The cast of “Pride and Prejudice” has been using a play adaptation written by Jon Jory. According to Otos and many of the cast members, Jory’s dialogue and narrative are very similar to Austen’s dialogue in the novel.

“There are a lot of challenges in taking this novel and making it into a piece of theater,” Otos said. “But I think Jon Jory has succeeded in that the narrative of the story keeps moving right along. The scenery is flexible enough that it can be a variety of spaces.”

Jory’s dialogue is not only almost identical to Austen’s, but it annotates the novel and keeps the play moving at a reasonable pace.

“While the nuances of the novel and most of Austen’s wry narration are inevitably lost in translation, Jon Jory’s script does perform a considerable feat by telling the entire story in just two hours,” said sophomore Colin Gardner, a member of the ensemble in “Pride and Prejudice” and a student in Haskell’s class. “The novel has more humorous social critique while the play focuses more on the romance angle, but both the novel and the play will appeal to love story enthusiasts, people with a good sense of humor and Anglophiles — three categories which cover a broad range of people.”

Bringing famous characters such as Elizabeth Bennet and Mr. Darcy to the stage presents challenges as well. But according to Lloyd and junior Logan Sutton, who are playing the respective roles, they welcome the acting challenges.

“I felt the history of the role only makes me prepare more,” Sutton said. “It was important to me that I delved as much into what other people have done and what the author herself said.”

Both Sutton and Lloyd have had theatrical experience with recreating famous characters, such as Romeo in “Romeo and Juliet” and Dorothy in “The Wizard of Oz,” respectively. Making these famous characters their own, while still retaining truth from the original performances, is a balance that is hard to maintain, yet part of the job of an actor, according to Sutton.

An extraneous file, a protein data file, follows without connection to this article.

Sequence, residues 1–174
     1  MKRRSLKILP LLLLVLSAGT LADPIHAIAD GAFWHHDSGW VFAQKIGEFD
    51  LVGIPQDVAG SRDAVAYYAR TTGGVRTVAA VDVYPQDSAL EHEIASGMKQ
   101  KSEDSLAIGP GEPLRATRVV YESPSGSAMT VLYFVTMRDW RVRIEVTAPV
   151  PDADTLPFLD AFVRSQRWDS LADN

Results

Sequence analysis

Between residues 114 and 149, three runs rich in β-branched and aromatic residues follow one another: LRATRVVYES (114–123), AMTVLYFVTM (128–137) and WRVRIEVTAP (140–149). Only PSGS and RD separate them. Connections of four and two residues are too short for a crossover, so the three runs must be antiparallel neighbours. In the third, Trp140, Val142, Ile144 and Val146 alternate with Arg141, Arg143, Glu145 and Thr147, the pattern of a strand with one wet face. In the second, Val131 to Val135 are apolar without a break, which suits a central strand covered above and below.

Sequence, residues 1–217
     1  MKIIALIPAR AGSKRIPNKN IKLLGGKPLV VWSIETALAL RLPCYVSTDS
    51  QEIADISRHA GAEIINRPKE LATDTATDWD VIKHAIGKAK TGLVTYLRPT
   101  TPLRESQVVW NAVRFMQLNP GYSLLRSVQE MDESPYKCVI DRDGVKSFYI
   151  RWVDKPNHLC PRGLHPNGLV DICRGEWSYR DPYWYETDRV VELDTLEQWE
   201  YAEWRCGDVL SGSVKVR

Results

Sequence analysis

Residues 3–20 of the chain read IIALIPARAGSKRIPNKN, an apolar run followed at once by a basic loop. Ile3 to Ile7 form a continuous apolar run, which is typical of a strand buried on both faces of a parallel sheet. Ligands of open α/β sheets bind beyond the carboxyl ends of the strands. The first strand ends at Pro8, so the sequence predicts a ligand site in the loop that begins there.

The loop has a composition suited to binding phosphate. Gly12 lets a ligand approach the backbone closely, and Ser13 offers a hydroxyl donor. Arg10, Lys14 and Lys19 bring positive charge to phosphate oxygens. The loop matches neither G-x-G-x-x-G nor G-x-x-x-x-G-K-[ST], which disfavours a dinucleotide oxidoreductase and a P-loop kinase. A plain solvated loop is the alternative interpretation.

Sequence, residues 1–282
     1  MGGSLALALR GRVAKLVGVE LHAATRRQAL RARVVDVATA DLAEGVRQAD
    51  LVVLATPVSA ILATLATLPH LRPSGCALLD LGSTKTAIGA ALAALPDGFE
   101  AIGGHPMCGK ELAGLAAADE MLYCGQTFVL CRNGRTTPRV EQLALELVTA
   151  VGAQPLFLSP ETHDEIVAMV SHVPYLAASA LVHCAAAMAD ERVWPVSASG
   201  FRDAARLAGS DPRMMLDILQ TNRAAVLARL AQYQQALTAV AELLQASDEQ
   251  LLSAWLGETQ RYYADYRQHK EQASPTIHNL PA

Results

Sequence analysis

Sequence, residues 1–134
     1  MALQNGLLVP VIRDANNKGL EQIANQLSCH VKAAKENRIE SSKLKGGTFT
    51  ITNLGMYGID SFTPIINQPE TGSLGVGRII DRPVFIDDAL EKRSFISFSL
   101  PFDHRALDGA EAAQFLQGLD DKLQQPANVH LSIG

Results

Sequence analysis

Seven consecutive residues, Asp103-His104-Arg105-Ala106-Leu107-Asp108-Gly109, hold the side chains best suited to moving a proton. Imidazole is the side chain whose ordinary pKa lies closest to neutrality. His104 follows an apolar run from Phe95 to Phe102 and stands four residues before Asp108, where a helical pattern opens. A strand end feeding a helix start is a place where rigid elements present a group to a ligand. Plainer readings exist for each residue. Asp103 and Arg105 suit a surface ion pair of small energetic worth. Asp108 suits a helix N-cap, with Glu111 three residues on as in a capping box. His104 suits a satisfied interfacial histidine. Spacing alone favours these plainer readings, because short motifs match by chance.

“In a truthful way, it comes from tracing the basis of what Jane Austen says in her own novel and what details I’m given in the script,” Sutton said. “It really comes from finding a character who has been given a good moral compass, but not a good social barometer, and balancing the two.”

Other challenges in bringing classic literature to life include the technical aspects of the show. As the novel has many locations and scene changes, Otos, along with the cast and crew, had to work together to make easy set transitions while still accurately portraying the time period and setting.

“In movies, you have all kinds of advantages,” Lloyd said. “You can recreate the set exactly and all of the tiny props and tiny details. In a stage setting, it’s a lot more difficult to keep track of all those things. Our director affectionately referred the blocking we did for this show as ‘algebra,’ because the scene transitions move so fast and it’s so precise.”

Not just ‘chick flicks’

Jane Austen’s novels are frequently associated with a female audience. But one of the goals of Elon’s “Pride and Prejudice” is to stray away from the female-driven stereotype and show the story can appeal to a wider demographic.

"Though she is associated with ‘chick flicks’ and romance novels, her writing is very entertaining to read,” Jones said. “She can be so sarcastic and funny, which is something that college audiences will appreciate. The issues discussed also explore things that we — both female and male — find ourselves dealing with today.”

Otos said he and the cast hope the social themes and messages found in “Pride and Prejudice” will resonate with all who come to see the play, no matter the gender or age of the audience member.

“It wouldn’t surprise me if the men in general are more skeptical or reluctant at the beginning,” Otos said. “But there’s a lot to be learned from engaging with the story and I think they’ll find that interesting.”

Gardner agreed “Pride and Prejudice” is a story from which all genders and ages can learn.

“Studying Jane Austen's work in Dr. Haskell's class has given me further knowledge about Austen and her time that has helped me find my place in the world of ‘Pride and Prejudice,’” he said. “Ultimately, though, there's no substitute for reading the novel — everything you really need to know about the characters is in there. And it's hilarious.”

Appreciating “Pride and Prejudice” as not only a work of literature, but also as a piece of history, is important in tearing down the gender divide of Austen’s writing, according to Haskell.

“I have found that when you say literature is actually a historical artifact, it is a product of its time, and you can study it as you would study a nonfictional historical document or even study it as you would find an ancient artifact in a museum, like a vase or an ancient battle ax,” Haskell said. “If you take those historical perspectives, that seems to open it up, not just to men, but also to women.”

But in the face of these obstacles, the cast and crew of “Pride and Prejudice” said they hope to perform in a way that is as enjoyable as the novel.

“The theater is a medium for telling stories,” Gardner said. “Classic literature becomes classic because it says something truthful about the world in which we live and the people with which we share it. These are the same elements that make for compelling theater.”